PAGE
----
Tourists ‘bribe their way out of flooded Machu Picchu’
By Hannah Strange
British backpackers were among 1,500 tourists trying to escape from Peru’s Inca citadel of Machu Picchu yesterday, which has been cut off by floods and landslides.
As food supplies dwindled and hostels ran out of space many tourists were sleeping in the railway station and the town’s main square while they waited to be rescued by helicopter.
“The situation is about to erupt,” Rudy Chalco, a tour guide with a group of elderly Europeans, told the Peruvian daily newspaper El Comercio. “We don’t have any more food, disorder is starting to reign, the soldiers and police don’t know what to do or how to organise the help that has arrived, people are getting desperate and no one is taking charge.”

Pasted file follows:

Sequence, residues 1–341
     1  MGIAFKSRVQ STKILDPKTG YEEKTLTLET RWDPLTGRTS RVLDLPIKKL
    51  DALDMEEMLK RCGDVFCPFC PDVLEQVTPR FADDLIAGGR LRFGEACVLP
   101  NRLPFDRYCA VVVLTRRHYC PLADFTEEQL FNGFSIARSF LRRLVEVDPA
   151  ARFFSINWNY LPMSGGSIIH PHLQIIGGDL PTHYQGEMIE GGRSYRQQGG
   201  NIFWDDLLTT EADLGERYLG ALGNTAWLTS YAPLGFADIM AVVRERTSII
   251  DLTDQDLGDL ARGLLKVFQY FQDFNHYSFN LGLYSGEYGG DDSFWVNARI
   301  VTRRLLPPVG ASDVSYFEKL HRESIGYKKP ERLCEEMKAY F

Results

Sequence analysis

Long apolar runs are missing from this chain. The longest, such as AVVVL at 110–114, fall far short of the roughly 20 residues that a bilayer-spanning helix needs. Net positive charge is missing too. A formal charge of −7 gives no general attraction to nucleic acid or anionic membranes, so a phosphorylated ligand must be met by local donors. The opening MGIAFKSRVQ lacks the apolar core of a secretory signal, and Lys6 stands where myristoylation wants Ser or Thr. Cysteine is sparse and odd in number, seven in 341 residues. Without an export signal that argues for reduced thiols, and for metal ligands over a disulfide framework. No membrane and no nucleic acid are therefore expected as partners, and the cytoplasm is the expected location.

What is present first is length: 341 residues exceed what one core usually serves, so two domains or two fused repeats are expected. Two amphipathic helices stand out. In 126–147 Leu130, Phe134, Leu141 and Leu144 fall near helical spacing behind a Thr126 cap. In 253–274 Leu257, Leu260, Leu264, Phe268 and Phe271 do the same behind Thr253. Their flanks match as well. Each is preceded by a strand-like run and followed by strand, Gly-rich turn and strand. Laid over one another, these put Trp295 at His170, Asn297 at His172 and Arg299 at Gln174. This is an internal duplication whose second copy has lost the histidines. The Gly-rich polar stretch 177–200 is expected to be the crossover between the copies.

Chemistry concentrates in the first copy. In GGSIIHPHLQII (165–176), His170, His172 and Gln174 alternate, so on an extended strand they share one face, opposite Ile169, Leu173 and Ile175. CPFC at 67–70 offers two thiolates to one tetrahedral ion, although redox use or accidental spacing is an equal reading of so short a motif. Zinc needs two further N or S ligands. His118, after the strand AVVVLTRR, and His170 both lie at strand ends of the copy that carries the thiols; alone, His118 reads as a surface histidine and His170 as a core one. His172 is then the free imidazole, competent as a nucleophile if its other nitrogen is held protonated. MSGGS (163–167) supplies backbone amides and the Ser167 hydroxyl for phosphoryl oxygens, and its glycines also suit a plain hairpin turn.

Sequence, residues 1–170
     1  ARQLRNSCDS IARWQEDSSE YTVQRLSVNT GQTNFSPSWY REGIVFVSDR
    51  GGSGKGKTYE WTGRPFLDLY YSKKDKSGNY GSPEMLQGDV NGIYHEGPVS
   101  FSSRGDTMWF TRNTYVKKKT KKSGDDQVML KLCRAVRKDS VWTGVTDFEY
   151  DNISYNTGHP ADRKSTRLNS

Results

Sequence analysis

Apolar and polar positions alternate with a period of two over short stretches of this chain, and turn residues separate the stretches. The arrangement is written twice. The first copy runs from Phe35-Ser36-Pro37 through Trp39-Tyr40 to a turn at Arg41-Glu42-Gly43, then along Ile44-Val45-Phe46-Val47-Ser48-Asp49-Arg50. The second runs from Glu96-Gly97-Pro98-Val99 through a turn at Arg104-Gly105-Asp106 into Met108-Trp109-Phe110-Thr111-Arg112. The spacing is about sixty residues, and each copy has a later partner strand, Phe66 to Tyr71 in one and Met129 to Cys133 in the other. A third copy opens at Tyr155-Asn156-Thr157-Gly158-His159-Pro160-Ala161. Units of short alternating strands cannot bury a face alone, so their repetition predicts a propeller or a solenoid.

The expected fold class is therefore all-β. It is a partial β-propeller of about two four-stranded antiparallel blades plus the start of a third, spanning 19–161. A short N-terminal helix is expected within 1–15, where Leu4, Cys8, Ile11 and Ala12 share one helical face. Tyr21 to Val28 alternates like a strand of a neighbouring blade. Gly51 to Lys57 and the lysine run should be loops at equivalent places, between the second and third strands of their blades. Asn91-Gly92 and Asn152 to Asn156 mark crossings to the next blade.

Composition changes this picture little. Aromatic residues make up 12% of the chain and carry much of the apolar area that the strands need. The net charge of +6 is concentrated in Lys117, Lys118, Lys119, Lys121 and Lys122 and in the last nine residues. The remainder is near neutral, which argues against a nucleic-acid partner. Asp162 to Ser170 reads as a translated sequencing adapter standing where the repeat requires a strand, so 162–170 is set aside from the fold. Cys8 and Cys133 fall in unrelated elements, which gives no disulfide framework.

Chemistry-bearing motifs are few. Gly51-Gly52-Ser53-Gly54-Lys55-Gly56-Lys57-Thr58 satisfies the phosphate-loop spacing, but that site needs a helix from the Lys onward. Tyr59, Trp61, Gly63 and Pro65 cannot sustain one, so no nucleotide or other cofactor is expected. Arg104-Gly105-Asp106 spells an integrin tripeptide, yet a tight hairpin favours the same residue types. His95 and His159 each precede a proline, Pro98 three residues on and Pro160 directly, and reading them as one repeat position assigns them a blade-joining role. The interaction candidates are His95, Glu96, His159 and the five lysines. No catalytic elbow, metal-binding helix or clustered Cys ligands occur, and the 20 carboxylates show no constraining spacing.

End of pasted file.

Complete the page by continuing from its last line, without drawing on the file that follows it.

Some tourists were paying up to $500 (£300) for a seat on one of the helicopters, he said.
Fernando Celis, one of 300 Chileans stranded in Machu Picchu, said that people were bribing rescuers. “A helicopter arrived yesterday to take out the elderly and the unwell and some tourists who had more money. There are almost no North Americans left, only the backpackers. People on tours who were waving their money about, they were all evacuated,” he said.
He added that local vendors had doubled their prices. Read the rest of this story